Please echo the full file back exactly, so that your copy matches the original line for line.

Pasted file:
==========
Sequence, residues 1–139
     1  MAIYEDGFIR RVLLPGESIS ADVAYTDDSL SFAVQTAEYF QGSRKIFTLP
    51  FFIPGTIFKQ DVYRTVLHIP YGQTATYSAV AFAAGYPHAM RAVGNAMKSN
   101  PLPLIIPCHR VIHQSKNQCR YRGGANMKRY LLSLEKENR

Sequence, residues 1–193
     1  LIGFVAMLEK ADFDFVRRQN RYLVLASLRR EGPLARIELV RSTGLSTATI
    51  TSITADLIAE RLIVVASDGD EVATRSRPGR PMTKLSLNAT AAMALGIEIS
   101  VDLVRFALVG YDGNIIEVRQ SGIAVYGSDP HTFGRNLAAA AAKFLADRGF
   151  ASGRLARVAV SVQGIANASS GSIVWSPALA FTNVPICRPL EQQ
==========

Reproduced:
Sequence, residues 1–139
     1  MAIYEDGFIR RVLLPGESIS ADVAYTDDSL SFAVQTAEYF QGSRKIFTLP
    51  FFIPGTIFKQ DVYRTVLHIP YGQTATYSAV AFAAGYPHAM RAVGNAMKSN
   101  PLPLIIPCHR VIHQSKNQCR YRGGANMKRY LLSLEKENR

Sequence, residues 1–193
     1  LIGFVAMLEK ADFDFVRRQN RYLVLASLRR EGPLARIELV RSTGLSTATI
    51  TSITADLIAE RLIVVASDGD EVATRSRPGR PMTKLSLNAT AAMALGIEIS
   101  VDLVRFALVG YDGNIIEVRQ SGIAVYGSDP HTFGRNLAAA AAKFLADRGF
   151  ASGRLARVAV SVQGIANASS GSIVWSPALA FTNVPICRPL EQQ